John Knox was born in Haddington, near Edinburgh around 1514. In 1536 he graduated from St Andrews University and was ordained a priest. He became a notary and tutor, but in 1543 was converted to Christ and embraced the Reformed faith. He was much influenced by the preacher George Wishart, and became his bodyguard.
After Wishart was martyred in St Andrews in 1546, and Cardinal Beaton was murdered in retaliation, the Protestants took refuge in St Andrews Castle, which was besieged. Having been Wishart’s bodyguard meant that Knox himself was now in danger, and after being harried around Scotland for a while he ended up joining the group in St Andrews Castle in 1547. Knox was officially appointed preacher, and preached his first sermon there on Daniel 7:24-25. With the help of the French – summoned by the Queen Regent, Mary of Guise – the castle fell, and Knox became a galley slave in France for 19 months.
Released in 1549, he preached in Berwick and Newcastle, England with much power and success. Refusing the bishopric of Rochester, he was forced into hiding when Catholic Mary Tudor was crowned. Knox fled to France, then Zurich and Calvin’s Geneva; he then pastored an English congregation in Frankfurt. Forced out by liturgical disputes in 1555, Knox returned to Geneva and pastored an English congregation there. The same year he returned secretly to Scotland, married Marjory Bowes and preached widely. Condemned for heresy in Scotland, he returned to Geneva with his wife and mother-in-law (Elizabeth Bowes), from where he penned in 1558 his famous The First Blast of the Trumpet Against the Monstrous Regiment of Women, advocating rebellion against ungodly rulers.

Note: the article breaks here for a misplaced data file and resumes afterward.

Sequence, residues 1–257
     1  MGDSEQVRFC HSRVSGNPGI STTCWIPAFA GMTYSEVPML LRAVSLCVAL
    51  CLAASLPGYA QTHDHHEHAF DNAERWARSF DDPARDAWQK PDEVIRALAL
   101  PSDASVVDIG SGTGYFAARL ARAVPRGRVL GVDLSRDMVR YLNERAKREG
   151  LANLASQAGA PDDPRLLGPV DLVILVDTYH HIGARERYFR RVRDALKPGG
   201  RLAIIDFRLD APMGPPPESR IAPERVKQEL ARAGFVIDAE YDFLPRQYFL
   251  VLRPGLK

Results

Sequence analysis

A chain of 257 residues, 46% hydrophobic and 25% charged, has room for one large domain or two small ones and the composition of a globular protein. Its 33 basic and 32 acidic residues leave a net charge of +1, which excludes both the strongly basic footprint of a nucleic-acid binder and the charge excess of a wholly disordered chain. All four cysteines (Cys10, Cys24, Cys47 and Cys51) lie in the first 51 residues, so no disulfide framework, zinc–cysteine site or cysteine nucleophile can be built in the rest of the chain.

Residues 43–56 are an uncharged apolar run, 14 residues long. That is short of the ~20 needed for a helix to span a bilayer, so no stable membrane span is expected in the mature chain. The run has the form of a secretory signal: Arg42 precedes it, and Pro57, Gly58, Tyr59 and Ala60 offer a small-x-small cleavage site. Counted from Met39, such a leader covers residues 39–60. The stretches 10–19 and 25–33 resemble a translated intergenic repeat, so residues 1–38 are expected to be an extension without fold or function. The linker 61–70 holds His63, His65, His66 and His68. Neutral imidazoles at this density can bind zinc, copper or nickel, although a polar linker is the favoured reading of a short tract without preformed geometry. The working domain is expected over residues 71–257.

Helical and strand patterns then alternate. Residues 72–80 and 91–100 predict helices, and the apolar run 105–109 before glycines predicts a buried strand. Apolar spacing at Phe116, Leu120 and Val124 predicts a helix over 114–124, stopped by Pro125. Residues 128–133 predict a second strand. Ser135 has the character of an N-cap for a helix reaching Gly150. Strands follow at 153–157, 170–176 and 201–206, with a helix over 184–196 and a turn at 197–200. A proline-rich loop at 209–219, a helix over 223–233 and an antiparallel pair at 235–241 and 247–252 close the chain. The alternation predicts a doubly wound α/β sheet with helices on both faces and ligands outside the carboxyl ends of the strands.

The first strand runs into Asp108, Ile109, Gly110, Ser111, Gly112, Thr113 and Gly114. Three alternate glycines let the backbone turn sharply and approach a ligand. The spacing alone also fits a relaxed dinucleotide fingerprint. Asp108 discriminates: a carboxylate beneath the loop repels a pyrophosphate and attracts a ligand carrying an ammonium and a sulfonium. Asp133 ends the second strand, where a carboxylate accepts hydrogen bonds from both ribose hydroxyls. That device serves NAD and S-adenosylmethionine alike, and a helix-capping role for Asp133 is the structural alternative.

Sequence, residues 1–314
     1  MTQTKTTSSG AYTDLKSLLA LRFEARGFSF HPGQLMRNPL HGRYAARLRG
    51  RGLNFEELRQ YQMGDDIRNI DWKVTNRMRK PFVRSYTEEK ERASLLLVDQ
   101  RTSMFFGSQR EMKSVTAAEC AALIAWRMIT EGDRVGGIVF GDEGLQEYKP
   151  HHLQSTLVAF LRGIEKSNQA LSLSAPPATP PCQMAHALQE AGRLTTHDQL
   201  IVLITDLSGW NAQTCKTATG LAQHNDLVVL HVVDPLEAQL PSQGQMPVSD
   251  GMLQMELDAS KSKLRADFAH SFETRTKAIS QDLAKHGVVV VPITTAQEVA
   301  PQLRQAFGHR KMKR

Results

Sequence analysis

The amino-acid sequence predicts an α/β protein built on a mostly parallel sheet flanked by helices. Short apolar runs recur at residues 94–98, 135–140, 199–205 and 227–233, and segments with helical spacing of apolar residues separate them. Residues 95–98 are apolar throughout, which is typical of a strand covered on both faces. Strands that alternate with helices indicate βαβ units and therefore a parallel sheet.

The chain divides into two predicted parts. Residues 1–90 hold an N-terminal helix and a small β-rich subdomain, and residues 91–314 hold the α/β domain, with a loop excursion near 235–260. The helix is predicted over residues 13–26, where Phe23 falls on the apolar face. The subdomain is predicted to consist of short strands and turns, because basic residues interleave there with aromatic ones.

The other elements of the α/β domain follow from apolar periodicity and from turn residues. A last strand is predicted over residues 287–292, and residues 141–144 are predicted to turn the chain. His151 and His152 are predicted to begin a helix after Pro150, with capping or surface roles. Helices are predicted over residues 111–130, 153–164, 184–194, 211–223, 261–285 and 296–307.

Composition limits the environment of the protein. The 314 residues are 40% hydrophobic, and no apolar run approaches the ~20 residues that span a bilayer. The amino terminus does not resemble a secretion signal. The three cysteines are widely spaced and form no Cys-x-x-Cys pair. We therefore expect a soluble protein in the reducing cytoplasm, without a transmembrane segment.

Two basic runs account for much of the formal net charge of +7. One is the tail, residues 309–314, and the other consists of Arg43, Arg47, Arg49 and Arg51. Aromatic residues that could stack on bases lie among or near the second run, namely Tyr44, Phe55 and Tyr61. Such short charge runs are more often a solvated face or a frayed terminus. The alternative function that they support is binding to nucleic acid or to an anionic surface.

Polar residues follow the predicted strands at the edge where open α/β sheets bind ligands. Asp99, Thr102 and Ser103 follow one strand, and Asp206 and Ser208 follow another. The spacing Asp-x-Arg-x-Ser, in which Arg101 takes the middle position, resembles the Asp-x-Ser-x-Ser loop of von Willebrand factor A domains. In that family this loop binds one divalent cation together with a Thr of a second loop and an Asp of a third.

With the death of Mary Tudor the following year, Knox was again able to return to Scotland, where he preached a sermon condemning ‘idolatry’, and this led to rebellion. In 1560, the Reformation Parliament adopted the Protestant Scots Confession. Knox’s first wife, Marjory died the same year, after bearing him two sons. Knox helped to write the First Book of Discipline in 1561.
Catholic Mary Queen of Scots returned from France, and Knox had the first of several interviews with her. From this time until his death the pulpit of St Giles became his platform. He married again – Margaret Stewart – in 1564; she was to bear him three daughters. In 1564 he penned much of his History of the Reformation of Religion in Scotland. John Knox died in Edinburgh in 1572 and was buried at St Giles’s Cathedral.[See also John Howie, The Scots Worthies (Banner of Truth, 1995), pp. 48-66, and Chapter 1 (‘John Knox and “the Battle”‘) in Iain H. Murray, A Scottish Christian Heritage (Banner of Truth, 2006).]